6.     Rahman I and MacNee W . Oxidant/antioxidant imbalance in smokers and chronic obstructive pulmonary disease. Thorax 1996 51: 348-35.
  7.     Wu J, Sin DD. Improved patient outcome with smoking cessation: when is it too late?. Int J Chron Obstruct Pulmon Dis. 2011;6:259–267.

With the ever-present worry of catching the coronavirus Nutritional Therapist Jackie Newson explains that focussing on lung health is more important now than ever.

Reports from the medical frontline indicate that Covid-19, the latest strain of coronavirus, is particularly hard-hitting on the lungs, which does pose an extra level of anxiety for smokers or anyone suffering from a diagnosed respiratory condition.

If you’re a smoker, then it’s only natural to consider giving up tobacco, especially as it’s known to make the lungs more vulnerable to infection. Medical experts and scientists from around the world agree that giving up smoking should be a priority for those wanting to help reduce the risks associated with Covid-19.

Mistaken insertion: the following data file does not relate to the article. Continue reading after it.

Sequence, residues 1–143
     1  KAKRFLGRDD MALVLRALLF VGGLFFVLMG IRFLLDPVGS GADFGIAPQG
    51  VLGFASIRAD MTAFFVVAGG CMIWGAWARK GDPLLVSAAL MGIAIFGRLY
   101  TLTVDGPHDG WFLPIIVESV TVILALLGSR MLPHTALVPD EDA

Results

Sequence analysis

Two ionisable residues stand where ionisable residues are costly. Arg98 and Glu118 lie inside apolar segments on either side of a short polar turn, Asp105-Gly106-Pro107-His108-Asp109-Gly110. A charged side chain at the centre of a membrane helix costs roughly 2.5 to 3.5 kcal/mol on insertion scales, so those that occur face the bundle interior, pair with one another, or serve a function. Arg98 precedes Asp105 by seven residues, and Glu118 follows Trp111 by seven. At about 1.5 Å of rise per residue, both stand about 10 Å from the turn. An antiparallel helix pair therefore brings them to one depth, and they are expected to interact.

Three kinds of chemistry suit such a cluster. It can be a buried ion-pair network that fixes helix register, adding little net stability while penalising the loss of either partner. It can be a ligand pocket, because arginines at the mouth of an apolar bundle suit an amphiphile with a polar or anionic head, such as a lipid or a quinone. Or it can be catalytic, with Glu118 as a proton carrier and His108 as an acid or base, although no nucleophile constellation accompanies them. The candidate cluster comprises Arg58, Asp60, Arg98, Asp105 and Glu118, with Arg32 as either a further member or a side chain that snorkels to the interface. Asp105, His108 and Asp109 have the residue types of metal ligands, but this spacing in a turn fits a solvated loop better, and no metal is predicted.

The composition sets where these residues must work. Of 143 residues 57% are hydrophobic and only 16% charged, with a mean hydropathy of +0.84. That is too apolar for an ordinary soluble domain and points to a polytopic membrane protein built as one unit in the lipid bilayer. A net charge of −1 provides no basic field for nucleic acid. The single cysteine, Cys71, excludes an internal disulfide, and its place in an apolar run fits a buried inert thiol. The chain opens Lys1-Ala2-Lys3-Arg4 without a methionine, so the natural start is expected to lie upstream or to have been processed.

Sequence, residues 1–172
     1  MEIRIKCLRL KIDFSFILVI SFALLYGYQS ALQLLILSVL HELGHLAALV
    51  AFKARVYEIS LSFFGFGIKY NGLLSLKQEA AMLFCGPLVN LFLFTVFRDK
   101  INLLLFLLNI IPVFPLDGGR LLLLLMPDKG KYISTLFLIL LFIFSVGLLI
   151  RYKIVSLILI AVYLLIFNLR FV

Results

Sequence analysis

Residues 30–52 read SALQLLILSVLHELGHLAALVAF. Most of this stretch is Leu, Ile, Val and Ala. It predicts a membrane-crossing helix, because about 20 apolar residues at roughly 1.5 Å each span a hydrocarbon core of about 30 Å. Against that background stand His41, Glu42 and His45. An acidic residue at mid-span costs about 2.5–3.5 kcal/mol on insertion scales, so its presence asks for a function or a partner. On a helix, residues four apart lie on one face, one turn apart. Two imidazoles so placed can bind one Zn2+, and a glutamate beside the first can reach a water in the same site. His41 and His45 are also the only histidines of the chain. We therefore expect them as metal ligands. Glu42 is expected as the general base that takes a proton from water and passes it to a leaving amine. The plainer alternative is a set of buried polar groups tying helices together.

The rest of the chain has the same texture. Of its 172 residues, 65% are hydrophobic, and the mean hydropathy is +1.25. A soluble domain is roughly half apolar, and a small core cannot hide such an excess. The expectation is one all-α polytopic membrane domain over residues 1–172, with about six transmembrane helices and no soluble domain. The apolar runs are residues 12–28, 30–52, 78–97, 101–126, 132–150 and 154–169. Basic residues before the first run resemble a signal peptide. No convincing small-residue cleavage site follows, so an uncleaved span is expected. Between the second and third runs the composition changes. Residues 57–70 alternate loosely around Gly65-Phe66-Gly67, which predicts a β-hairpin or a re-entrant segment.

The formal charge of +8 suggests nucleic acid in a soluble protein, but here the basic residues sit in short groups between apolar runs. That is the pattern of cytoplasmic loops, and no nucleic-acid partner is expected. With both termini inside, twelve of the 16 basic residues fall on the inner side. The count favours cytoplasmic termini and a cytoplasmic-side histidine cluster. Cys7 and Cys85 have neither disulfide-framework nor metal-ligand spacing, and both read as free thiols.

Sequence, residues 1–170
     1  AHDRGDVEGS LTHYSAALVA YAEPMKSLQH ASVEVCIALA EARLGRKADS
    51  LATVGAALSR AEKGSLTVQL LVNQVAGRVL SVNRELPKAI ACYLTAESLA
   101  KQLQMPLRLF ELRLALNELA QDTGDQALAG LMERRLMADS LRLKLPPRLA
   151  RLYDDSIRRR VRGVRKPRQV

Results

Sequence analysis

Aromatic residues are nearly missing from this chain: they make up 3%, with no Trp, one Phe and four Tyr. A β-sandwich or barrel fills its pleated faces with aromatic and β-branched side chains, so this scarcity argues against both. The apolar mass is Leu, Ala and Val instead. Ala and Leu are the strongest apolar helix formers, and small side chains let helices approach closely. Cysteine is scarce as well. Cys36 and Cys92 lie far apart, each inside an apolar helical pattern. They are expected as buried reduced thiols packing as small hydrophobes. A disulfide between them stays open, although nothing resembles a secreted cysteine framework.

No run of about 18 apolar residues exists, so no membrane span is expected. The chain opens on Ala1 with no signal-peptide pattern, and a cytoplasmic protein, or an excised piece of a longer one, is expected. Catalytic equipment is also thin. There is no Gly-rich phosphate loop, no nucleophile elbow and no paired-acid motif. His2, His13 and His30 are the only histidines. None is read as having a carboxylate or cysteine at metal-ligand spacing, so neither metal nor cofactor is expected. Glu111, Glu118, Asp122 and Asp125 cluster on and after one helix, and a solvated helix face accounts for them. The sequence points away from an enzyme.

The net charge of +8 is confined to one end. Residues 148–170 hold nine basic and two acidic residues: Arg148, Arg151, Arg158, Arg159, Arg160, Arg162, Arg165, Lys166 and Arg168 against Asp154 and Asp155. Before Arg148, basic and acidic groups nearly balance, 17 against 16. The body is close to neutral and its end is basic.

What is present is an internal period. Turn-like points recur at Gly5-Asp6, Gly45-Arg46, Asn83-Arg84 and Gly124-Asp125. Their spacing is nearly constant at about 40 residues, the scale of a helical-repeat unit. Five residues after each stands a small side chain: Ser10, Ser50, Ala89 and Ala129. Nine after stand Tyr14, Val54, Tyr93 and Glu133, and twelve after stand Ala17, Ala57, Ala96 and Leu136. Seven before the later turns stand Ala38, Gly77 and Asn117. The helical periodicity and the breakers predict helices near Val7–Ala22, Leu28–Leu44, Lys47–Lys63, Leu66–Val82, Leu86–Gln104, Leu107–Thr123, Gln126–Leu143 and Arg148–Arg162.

Quitting an addiction to tobacco brings a host of health benefits that make the struggle worthwhile. You could expect to experience improved taste and a heightened sense of smell even within the first 48 hours. There are also a significant number of other valuable health benefits that may quickly become apparent. These noticeable changes should offer some reassurance that your lungs stand a greater chance of recovering from an infection:  

  • blood oxygen levels increase to normal
  • lung function increases
  • blood pressure decreases
  • circulation improves
  • pulse rate drops
  • risk for stroke falls
  • nerve endings start to regenerate
  • chance of having a heart attack decreases
  • risk for cancer of the lungs, throat, mouth and bladder become halved

Realistically though, you first have to go through the unpleasant effects of nicotine withdrawal which tend to last from 2-4 weeks after giving up. There’s no easy way around this but the good news is that there are countless tools available to support you along the way. Your local health service provider should be able to offer some very effective treatments and therapies to help you get through it.